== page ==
Military Coup in Niger Threatens Regional Stability

Military Coup in Niger Threatens Regional Stability

Thousands of people backing a recent coup in Niger marched through the streets of the capital, denouncing the country’s former colonial power and setting a door at the French Embassy ablaze on Sunday before the army broke up the crowd. French President Emmanuel Macron said Sunday that attacks on France and its interests would not be tolerated, and anyone who attacks French citizens will see an immediate response.

The Wagner Group is operating in neighboring Mali, and President Vladimir Putin would like to expand his country’s influence in the region. He might receive a warm welcome. In a separate protest, some people waved the Russian flag and chanted pro-Moscow slogans. However, the new junta’s leaders have not said whether they would move toward Moscow or stick with Niger’s Western partners. 

Some leaders of the mutiny said they overthrew Bazoum because he was not able to secure the nation against growing jihadi violence. But some analysts and Nigeriens say that was a pretext for a takeover driven by internal power struggles.

At an emergency meeting Sunday, the West African bloc known as ECOWAS said that it was suspending relations with Niger and authorized the use of force if President Mohamed Bazoum is not reinstated within a week. The African Union has issued its own 15-day ultimatum to the junta in Niger to reinstate the democratically elected government.

Situation in Niger

For nearly 600 years, beginning around 1000, the powerful Songhai Empire ruled most of what is now Niger. Askia the Great, who sat on the throne from 1493 to 1528, centralized the bureaucracy, opened religious schools, constructed mosques, and opened his court to scholars and poets from throughout the Muslim world. 

However, after his death, family squabbling, shiting European trade routes, internal rebellions, and an unexpected Moroccan invasion sent the nation into a tailspin. Modern-day Niger, which emerged from the ruins of the Songhai Empire, is still in a tailspin.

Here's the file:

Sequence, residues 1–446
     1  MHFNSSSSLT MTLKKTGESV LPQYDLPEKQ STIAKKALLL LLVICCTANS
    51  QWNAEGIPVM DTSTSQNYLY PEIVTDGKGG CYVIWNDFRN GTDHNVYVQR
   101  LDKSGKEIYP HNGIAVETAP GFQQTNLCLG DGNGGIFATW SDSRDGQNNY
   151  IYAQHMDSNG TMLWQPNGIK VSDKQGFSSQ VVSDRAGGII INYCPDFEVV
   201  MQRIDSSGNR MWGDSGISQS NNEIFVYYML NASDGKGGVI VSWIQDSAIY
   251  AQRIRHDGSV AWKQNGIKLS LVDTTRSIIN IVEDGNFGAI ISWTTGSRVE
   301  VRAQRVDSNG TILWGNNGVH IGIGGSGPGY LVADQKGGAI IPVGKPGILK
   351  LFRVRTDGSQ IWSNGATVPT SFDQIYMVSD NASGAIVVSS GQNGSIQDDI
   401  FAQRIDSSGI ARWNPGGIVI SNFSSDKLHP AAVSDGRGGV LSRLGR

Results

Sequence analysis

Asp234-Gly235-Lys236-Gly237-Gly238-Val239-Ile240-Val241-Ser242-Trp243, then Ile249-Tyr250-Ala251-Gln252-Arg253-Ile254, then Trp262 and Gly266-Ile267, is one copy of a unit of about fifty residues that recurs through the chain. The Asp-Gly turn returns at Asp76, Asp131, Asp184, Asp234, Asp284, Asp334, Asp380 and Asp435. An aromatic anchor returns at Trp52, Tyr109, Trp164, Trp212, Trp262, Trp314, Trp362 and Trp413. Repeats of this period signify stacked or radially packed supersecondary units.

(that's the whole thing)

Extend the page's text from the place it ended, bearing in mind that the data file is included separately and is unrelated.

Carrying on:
Niger is one of the world’s poorest counties. Most Nigerens manage to eke out a living as subsistence farmers as the Sahara Desert claims more and more fertile land. Other serious challenges include a low literacy rate, jihadist insurgencies, and rapid population growth.

Nevertheless, as recently as 2010, Niger was on the right path. Voters approved a new constitution. They elected and re-elected former National Assembly leader Mahamadou Issoufou as president. Niger passed an important test when in 2021, Mohamed Bazoum was sworn in as the new president.

But unrest due to the government’s failure to address the aforementioned problems, as well as persistent al Qaeda, ISIS, and Boko Haram insurgencies, laid the foundation for a failed coup in 2021 and a successful coup in 2023.

After UN peacekeepers leave, many observers believe Niger will turn to the Wagner Group, which according to many, was responsible for the coup.

Contractors in Niger

The United States does not release specific information about private military contractor deployment. No government publicizes troop movements. But American contractors are probably in Niger, or at least they were there as part of the UN mission.